Abstracting from technological progress, the rate of growth of output per worker is determined by the pace of ‘‘capital deepening,’’ or increases in capital per worker. In a closed economy, that rate depends on available investment opportunities and the residents’ preferences regarding the choice between investing and consuming their income. Capital accumulation is gradual, and the standard of living,measured by consumption per capita, converges slowly to a steady-state value determined by available technology. Greater impatience an unwillingness to sacrifice current consumption for the sake of investment implies slower convergence. The presence of technological progress does not alter the essence of this progression, except that the economy converges to a steady-state growth rate rather than a steady-state level of output.
As discussed in the previous section, openness relaxes the budget constraint and could accelerate capital accumulation dramatically. Exactly how much is a contentious question in the open-economy macroeconomic literature. If one extends the classical growth model the Ramsey-Cass-Koopmans model, where rational, forward-looking households and profitmaximizing firms operate in a perfectly competitive environment to an open-economy setting by assuming free trade and perfect capital mobility, the result will be instantaneous convergence. Perfect capital mobility implies unlimited borrowing at a constant interest rate, so domestic residents will immediately borrow enough money and install enough capital equipment to equalize the domestic rate of return on new investment with that available in the advanced economies they are borrowing from. Assuming they have access to the same technology, output per worker wouldimmediately jumpto its steady-state level, equal to that in themost advanced countries. Consumption per capita would permanently remain below the level of advanced countries, reflecting the need to service the debt, but itwould also stay constant after amomentary upward transition (or grow at a constant rate in the presence of technological progress).
Needless to say, instantaneous income convergence is not observed in practice. In reality, countries cannot borrow unlimited amounts at a constant interest rate, purchase unlimited amounts of capital equipment, and install it costlessly and instantaneously. Many things get in theway. Borrowing over a certain limit may raise the probability of default or result in too much concentration in the lender’s portfolio. Lenders may respond by charging the borrowing country a higher interest rate or by cutting off additional funding. Poor legal systems and the risk of government intervention give rise to doubt about the enforcement of contracts and make lending institutions in advanced economies hesitant to commit overly large sums to emerging market borrowers. Lack of information about local investment opportunities also hinders flows of external finance, and underdeveloped financial systems in emerging markets have a limited capacity to process these flows. In addition, some types of capital, such as buildings, may not be tradable internationally, or at least require some local nontradable inputs, such as construction labor, for their installation. Therefore, if some items in the consumption basket (e.g., services) are also nontradable, the trade-off between consumption and investment is still relaxed by openness, but less than amodelwith a single tradable good would imply.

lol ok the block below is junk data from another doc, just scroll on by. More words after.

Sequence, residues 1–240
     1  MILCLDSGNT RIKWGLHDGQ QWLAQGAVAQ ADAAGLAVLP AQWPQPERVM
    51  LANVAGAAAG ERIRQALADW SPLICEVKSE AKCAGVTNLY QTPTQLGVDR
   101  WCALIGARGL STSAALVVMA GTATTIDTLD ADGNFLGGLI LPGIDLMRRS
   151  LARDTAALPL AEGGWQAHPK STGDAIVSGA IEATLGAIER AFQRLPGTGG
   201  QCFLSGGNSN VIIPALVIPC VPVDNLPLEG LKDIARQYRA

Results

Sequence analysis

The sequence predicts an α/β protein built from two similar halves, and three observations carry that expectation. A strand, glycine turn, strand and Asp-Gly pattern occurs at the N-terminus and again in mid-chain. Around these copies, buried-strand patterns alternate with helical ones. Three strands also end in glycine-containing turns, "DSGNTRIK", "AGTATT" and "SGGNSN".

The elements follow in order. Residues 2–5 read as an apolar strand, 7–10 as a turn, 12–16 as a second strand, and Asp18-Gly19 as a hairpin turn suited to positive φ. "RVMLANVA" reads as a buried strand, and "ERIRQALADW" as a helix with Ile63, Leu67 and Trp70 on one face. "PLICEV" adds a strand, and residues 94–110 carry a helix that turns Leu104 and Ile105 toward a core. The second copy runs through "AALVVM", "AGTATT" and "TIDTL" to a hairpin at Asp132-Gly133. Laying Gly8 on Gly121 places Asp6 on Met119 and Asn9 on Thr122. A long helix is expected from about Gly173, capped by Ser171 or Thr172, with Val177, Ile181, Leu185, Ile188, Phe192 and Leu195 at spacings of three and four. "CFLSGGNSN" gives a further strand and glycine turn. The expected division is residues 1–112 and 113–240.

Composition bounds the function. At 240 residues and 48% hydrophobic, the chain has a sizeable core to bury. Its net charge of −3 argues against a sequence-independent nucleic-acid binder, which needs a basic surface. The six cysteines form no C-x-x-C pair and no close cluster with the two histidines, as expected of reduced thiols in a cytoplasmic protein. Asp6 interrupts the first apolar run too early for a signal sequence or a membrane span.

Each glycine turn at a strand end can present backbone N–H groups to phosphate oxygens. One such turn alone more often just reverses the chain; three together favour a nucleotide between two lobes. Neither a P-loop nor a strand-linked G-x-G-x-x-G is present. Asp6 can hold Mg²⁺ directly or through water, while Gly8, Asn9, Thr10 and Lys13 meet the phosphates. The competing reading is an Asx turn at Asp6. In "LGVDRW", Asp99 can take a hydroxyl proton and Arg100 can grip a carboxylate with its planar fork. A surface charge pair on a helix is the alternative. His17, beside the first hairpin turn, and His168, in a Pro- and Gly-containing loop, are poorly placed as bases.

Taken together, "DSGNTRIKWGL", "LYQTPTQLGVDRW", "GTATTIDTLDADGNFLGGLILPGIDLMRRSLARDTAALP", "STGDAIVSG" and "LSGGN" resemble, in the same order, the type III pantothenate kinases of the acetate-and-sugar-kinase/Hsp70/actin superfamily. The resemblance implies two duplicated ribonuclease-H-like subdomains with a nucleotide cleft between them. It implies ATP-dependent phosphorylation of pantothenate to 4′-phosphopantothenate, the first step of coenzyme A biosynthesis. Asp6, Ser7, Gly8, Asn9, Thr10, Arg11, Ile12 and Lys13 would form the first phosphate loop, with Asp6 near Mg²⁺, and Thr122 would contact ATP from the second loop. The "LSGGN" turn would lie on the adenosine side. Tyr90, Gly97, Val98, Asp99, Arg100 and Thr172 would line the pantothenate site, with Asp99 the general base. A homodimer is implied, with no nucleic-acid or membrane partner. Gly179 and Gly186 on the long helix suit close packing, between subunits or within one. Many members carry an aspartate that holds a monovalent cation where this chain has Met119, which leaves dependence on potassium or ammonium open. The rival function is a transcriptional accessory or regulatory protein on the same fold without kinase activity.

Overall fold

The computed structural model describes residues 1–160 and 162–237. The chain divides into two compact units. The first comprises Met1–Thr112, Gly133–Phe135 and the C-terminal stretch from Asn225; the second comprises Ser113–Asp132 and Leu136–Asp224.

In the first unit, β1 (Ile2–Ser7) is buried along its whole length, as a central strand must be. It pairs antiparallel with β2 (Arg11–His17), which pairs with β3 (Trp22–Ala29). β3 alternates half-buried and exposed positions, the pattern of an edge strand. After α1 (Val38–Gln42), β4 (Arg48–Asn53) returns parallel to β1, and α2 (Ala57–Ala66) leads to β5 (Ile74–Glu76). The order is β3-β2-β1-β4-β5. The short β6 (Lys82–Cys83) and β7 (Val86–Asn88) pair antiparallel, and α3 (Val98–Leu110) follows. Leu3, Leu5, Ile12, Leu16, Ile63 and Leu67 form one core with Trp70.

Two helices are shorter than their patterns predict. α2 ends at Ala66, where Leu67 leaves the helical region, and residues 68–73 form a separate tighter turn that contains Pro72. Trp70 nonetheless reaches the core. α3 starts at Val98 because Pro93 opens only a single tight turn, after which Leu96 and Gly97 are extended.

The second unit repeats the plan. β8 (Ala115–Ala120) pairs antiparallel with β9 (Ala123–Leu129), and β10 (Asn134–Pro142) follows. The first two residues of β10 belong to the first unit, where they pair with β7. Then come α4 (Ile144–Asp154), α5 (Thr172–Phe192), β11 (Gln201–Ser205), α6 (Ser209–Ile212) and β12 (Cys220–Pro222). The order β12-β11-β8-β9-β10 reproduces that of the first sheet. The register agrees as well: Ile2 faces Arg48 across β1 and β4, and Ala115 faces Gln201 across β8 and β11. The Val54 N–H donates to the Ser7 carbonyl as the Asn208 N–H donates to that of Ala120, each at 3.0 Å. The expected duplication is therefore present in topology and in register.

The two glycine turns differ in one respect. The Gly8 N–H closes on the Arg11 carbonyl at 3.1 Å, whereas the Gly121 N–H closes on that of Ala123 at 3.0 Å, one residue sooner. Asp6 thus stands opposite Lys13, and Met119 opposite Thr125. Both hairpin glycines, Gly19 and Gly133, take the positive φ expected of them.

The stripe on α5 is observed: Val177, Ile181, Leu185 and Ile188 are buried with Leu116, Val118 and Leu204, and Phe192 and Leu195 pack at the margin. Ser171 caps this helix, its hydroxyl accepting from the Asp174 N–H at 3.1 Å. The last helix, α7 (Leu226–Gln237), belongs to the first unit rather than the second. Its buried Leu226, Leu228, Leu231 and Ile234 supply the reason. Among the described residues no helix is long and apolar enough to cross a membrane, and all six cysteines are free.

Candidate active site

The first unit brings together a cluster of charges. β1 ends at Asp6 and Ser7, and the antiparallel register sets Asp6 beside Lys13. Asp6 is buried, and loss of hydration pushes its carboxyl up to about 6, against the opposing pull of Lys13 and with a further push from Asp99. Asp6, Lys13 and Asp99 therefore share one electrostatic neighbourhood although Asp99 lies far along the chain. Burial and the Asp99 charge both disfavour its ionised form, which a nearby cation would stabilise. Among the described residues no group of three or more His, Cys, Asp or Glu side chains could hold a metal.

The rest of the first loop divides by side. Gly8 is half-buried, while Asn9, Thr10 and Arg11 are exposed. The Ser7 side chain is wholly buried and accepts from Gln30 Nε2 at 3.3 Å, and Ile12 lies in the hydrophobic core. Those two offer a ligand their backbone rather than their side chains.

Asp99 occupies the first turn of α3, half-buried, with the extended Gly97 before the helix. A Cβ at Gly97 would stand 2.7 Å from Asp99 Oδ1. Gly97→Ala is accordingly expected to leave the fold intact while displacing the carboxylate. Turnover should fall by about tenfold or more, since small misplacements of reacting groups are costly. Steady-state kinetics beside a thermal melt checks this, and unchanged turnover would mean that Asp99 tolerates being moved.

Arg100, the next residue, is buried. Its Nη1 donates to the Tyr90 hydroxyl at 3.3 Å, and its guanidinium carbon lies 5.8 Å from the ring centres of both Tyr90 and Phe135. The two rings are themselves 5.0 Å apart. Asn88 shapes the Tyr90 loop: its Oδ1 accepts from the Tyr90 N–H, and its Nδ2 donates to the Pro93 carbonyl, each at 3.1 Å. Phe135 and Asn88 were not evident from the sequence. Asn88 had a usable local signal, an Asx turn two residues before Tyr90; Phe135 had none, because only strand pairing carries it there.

These and other obstacles have been incorporated into open-economy macroeconomic models to moderate the rate of convergence. Details of these frictions and other model assumptions have implications for the evolution of other macroeconomic variables, such as domestic interest rates and the exchange rate. For example, combined with the assumption that production in the tradable sector is more capital intensive than in the nontradable sector, friction in the financialmarkets such that the interest rate charged on foreign borrowing increases with the amount borrowed in a given period results in gradual convergence of interest rates in emerging and advanced countries and in gradual real exchange rate appreciation in the former, a phenomenon known as the Balassa-Samuelson effect.

Recent Experience

The canonical view suggests that capital should flow from advanced countries to emerging markets, where returns are higher.Over the first decade of the 21st century, however, a new pattern has emerged, where trade surpluses in China and some other fast-growing emerging economies are financing trade deficits in a number of advanced economies, most notably the United States. The investment rates are very high in the surplus economies, exceeding 40 percent of gross domestic product (GDP) in China, but national saving is even higher, reflecting the relatively low share of consumption in GDP. While China has attracted a lot of foreign direct investment, it has been purchasing foreign financial assets on a grand scale.
Several explanations have been offered for this reversal of the traditional pattern. Among the factors cited are the relatively weak social safety net in China and some other emerging economies, creating the need for high precautionary private saving; the relatively underdeveloped financial systems in these countries, resulting in the flow of these savings abroad, particularly to the United States, whose innovative financial system has been able to generate attractive assets; and government policy of preventing the exchange rate from appreciating despite the trade surpluses in order to promote exports and to accumulate international reserves as insurance against external shocks.
The canonical view still holds in many instances. Many advanced economies, for example Germany and Japan, are running current account surpluses, and many emerging market countries, including Central and Eastern European economies andmany Latin American economies, are running deficits. High commodity prices, which boost the incomes of many developing countries and reduce their reliance on external finance, may have disrupted the traditional pattern, although this explanation clearly does not pertain to China. On the other hand, the fact that capital does not flow to the poorest developing countries does not really contradict the canonical view, as these countries, for many reasons, do not promise high return on investment despite having little capital. See also capital flows to developing countries; economic development; foreign direct investment (FDI); growth in open economies, neoclassical models; international income convergence


2 июля 2011 21:08